Afterwards, back to Sinchon for some KOREAN gelato at Gusttimo. The flavors here include some delicious Korean-inspired ones--my personal favorite is the sour yogurt gelato.You get 3 flavors each-- I had the spicy chocolate (chocolate with a kick), yogurt, berry yogurt. Marian--white wine, berry yogurt, red bean in green tea. Maddy--red bean, mango, melon.
We kind of got a lot of spoons... (corresponding to a lot of pre-ordering sampling). Oh, and ate our cups clean as well.
Thursday, July 26
On Thursday, we took a bus from Gangnam all the way down to the traditional Korean folk village (Minsokchon) right outside of Seoul:
Korean being a Korean ajummah in bright pink visor that we found sold at the gift shop. All she needs now is a flowered silk shirt, some linen pants, and some flesh-colored 4-inch platform sandals:
Korean traditional roof, called 기와 (ki-wa):
The Jindo-geh, native dog of Korea, designated a national treasure. It is extremely pure-bred and is guarded in the island of Jindo in South Korea. I'll be going there next week!!
Maddy petting a donkey:
Fire to keep mosquitos away:
A press to make Korean paper. We missed the korean papermaking workshop :-(
Two girls of exactly equal weight stand on a seesaw and catapult each other straight up into the air (please do not try at home)
Rope walking- Impressive, because not only does the guy walk the rope and do tricks, but after walking every length of the rope, he leans on the wood and proceeds to make rowdy jokes to the audience~ (this is featured in the famous Korean movie 왕의 남자, or The King and the Clown)
Traditional Korean wedding. I couldn't catch the meaning of everything, but the bride and groom are presented a pair of wooden wild geese, 기러기--the birds mate once and stay together for their entire life and symbolize the enduring nature of marriage. They also drink alcohol from two halves of the same gourd and eat certain foods like chestnuts (to symbolize longevity).
Thursday night, somewhat broke after all of our touring, we decided to take advantage of free drinks all night at Helios Club in Itaewon for Ladies Night.
We paid zero won to hang out, drink a variety of cocktails, and dance the night away~~great deal!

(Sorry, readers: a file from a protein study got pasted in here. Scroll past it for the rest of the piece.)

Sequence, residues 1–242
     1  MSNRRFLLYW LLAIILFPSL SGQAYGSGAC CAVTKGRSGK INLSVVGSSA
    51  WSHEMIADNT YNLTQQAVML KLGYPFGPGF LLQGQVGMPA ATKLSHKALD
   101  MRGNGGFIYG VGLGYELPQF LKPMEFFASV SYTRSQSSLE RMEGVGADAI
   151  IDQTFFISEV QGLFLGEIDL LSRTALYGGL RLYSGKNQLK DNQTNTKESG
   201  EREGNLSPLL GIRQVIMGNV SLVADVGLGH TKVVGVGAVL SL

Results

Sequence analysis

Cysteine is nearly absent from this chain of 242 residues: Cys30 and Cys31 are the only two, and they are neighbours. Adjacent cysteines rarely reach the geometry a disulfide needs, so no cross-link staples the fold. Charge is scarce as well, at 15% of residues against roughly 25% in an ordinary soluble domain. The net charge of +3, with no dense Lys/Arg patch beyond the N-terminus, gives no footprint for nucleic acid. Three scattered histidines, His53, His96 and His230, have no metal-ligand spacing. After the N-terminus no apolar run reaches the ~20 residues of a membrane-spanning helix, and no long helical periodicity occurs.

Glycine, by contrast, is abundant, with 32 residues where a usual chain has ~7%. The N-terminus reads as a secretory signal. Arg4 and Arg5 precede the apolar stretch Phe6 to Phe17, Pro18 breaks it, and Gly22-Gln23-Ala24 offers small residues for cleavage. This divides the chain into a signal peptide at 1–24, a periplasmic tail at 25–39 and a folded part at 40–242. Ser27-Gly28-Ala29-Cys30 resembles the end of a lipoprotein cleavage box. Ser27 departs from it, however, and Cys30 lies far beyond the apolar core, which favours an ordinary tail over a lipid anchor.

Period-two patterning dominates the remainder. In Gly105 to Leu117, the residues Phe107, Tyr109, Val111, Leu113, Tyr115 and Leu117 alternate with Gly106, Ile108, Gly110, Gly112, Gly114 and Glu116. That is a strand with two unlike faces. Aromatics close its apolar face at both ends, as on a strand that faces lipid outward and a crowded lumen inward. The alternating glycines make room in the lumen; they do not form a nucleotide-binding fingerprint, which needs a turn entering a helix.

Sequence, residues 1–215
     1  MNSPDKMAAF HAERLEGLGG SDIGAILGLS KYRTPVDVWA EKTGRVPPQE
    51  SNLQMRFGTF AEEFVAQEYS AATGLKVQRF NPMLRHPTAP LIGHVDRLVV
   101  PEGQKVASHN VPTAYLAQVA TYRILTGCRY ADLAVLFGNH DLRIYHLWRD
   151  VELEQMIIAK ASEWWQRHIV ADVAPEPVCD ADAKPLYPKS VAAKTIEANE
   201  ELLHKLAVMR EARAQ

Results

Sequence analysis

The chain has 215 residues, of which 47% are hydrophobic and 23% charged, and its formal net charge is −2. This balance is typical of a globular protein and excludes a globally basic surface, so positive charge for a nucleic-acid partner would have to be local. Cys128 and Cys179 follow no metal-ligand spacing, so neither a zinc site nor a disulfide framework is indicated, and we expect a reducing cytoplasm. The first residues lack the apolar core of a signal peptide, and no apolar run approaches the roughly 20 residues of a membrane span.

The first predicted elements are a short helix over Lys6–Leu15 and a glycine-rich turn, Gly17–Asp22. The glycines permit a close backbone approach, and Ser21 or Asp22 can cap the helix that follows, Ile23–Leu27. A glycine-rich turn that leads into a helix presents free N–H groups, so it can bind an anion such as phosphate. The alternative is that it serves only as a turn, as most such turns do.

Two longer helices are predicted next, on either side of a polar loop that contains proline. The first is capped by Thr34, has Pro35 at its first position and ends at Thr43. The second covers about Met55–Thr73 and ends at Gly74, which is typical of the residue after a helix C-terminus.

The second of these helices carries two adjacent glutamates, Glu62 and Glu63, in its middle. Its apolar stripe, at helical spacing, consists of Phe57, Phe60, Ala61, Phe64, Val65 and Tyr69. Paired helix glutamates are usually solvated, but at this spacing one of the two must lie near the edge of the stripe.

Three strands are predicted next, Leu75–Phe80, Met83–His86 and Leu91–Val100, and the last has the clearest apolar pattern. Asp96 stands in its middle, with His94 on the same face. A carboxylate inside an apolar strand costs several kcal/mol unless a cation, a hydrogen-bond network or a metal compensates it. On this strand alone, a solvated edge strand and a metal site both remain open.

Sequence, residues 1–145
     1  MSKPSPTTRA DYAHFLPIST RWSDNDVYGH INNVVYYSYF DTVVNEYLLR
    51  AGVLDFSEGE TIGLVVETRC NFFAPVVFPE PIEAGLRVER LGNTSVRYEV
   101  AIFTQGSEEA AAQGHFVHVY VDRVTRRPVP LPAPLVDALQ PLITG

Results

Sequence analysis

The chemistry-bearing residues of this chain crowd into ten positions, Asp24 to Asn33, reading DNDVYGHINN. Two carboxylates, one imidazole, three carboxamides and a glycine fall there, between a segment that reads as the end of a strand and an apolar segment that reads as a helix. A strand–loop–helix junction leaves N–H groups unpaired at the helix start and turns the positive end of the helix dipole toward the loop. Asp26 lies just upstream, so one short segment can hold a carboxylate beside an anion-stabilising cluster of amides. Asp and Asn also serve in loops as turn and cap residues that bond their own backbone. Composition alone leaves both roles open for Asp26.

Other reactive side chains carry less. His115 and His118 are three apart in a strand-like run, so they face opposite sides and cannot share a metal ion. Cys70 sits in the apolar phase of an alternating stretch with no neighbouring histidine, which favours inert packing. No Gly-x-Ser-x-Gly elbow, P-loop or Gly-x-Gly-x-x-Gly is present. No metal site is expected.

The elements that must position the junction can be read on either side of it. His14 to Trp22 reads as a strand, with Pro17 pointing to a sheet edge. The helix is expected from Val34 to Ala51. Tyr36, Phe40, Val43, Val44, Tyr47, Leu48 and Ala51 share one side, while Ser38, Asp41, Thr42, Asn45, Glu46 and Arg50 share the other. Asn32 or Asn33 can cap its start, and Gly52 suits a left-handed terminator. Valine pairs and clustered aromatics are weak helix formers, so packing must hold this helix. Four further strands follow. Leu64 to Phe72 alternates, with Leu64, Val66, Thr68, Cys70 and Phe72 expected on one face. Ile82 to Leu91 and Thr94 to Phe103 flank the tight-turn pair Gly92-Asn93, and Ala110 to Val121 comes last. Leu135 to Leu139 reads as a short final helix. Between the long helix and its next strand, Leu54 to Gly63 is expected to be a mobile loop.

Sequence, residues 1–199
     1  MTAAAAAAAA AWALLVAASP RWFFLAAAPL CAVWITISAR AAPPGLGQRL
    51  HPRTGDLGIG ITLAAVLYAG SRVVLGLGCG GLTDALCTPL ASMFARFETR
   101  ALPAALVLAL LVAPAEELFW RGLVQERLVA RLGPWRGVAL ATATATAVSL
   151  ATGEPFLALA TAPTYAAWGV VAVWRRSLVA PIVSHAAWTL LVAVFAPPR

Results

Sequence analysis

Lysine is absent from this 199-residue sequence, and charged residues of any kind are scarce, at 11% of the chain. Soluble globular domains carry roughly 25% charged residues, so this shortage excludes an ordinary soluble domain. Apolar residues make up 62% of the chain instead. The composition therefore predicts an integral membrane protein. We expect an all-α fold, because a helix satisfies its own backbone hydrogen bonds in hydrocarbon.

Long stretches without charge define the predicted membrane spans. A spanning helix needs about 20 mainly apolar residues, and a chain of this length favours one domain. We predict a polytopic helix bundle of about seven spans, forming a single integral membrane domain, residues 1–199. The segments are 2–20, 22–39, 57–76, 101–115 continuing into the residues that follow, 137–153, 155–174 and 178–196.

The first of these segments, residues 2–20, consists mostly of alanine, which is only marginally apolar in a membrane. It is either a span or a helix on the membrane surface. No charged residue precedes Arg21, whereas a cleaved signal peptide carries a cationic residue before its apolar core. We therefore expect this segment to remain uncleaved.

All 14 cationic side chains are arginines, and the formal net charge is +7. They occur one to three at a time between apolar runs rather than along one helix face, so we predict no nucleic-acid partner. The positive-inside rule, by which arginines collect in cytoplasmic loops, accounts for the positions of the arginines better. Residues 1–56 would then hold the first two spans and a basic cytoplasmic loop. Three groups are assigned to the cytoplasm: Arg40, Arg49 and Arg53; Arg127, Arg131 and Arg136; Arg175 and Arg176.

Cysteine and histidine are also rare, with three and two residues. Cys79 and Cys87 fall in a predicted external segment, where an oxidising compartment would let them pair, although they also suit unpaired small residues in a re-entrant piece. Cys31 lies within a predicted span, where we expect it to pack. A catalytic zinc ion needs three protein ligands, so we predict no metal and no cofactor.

It was neat to have so many people from different countries rubbing shoulders in Itaewon. Neat, but volatile. Sometimes interracial fights break out in Itaewon, and Helios that night made me see why.
The dance floor at Helios is pretty tiny, and was full that night-- the DJ puts "Walk it Out" on.. and four girls dressed in ghetto hip-hop apparel from head to toe try to push EVERYONE off the floor and start screaming, shoving, and hopping up and down on top of peoples' sandal-clad feet so that they can take up the middle third of the dance floor to "walk it out". They were getting in peoples' faces, were about twice as big and muscular as everyone else, cursed my friend out, and were the only black girls on the dance floor. The Korean girls just gave black girls a frightened look and scuttled away. Really, I was ashamed FOR those girls.. they're just making even more Koreans believe that all blacks are "scary" (a sentiment that I've heard from many Koreans considering studying abroad in America) or violent or ill-mannered--all so untrue. But you really can't blame Koreans if this is what they witness.Friday, July 27
Of course, this is only 4 girls, but it's a sad truth that one bad incident sticks in peoples' memory more than many, many unremarkable ones...
We spent the day at the COEX mall window shopping and walking around, and afterwards went to O'Sullocs Cafe in Daehangro, which serves a variety of different green tea drinks and desserts.
I especially like the dark-wood and light green decorations, with a waterfall on one side of the restaurant:
We pored over the menu for awhile (the waitress had to come and go a few times) until we decided what we wanted:
Green tea walnut cheesecake and green tea tiramisu:
We also got a cold pear green-tea drink, which was amazing, refreshing, and not too sweet with bits of pear in it.
Dinner was one of the specialties of my area (Sinchon), dak galbi, or spicy chicken and vegetables barbecued at your table. We ordered it with a seafood mix-in (해물 사리) and a mix-in of rice that gets fried into a flat pancake with the rest of your sauce at the end of the meal:
Afterwards we went to Hongdae Club Night (by chance, my friends came to visit me on the last Friday of the month!), paying 15,000 won to get into all of the area clubs and a free drink coupon. We stayed pretty much around NB and club hooper, which was slightly less crowded than the ever-popular NB. No photos because I didn't, as usual, bring my camera clubbing, but we had a great time~ guys, see you over Thanksgiving break!